There are a lot of words thrown around when discussing therapy and counseling practices, from interventions, to therapy approaches, coping tools, and more. You may have heard the term “CBT” before, which stands for Cognitive Behavioral Therapy. While it’s important to be aware of what type of training and strategies your potential therapist typically uses, it can be hard to understand if it’s the right approach for you and your needs.
Cognitive Behavioral Therapy is an evidence-based approach and framework some counselors use to guide interventions in practice. Here at Psychotherapy for Women, our providers are trained in the successful delivery of CBT and use this as a framework for helping support client’s needs and achieve the changes they are seeking.
Some focuses of CBT include:
- Learning healthy coping tools
- Identifying unhealthy behaviors
- Changing thinking habits
- Improving mindfulness practices
- Enhancing self-confidence
- Making behavior changes
You could benefit from CBT if you have any of the following symptoms or concerns:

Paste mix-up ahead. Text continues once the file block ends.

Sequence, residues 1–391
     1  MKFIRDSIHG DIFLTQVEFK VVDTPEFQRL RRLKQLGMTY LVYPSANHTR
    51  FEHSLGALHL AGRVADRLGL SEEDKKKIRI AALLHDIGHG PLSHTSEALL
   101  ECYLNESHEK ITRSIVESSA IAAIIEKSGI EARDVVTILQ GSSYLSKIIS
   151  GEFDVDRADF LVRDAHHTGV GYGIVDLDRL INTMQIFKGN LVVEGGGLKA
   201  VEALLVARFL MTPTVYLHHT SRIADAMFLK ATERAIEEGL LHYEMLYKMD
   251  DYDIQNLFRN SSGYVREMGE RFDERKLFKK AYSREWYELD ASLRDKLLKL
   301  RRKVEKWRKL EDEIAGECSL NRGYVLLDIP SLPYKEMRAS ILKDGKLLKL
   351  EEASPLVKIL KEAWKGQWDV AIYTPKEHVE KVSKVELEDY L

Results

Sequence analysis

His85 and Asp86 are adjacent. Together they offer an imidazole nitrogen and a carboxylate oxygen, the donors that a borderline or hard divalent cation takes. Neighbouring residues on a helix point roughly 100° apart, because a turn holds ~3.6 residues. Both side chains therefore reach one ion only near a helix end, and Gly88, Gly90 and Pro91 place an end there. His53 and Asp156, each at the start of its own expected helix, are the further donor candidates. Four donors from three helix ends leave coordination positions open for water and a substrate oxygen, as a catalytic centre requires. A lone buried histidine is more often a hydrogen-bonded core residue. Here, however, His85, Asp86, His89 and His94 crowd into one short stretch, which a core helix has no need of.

- Substance use/abuse or dependency
- Low self-esteem
- Minimal coping tools
- Negative self-talk
- Poor confidence
- Cognitive Distortions
- Unhealthy relationship with food/dieting
- Self-limiting beliefs
- Seasonal Depression
- Difficulty parenting
- Unhealthy relationship with exercise
- Postpartum Anxiety
- Avoidance behaviors
- Disordered eating
- Intrusive/unwanted thoughts
- Relationship Problems
- Postpartum Depression
- Negative thoughts of self
- Unwanted feelings of guilt/shame
If you are experiencing any of the above concerns, CBT may be a great place to start if you’re looking for support in these areas. Reach out today for a free telephone consultation to learn more about how we can help support your needs with Cognitive Behavioral Therapy.
For more information, please visit the American Psychological Association’s website.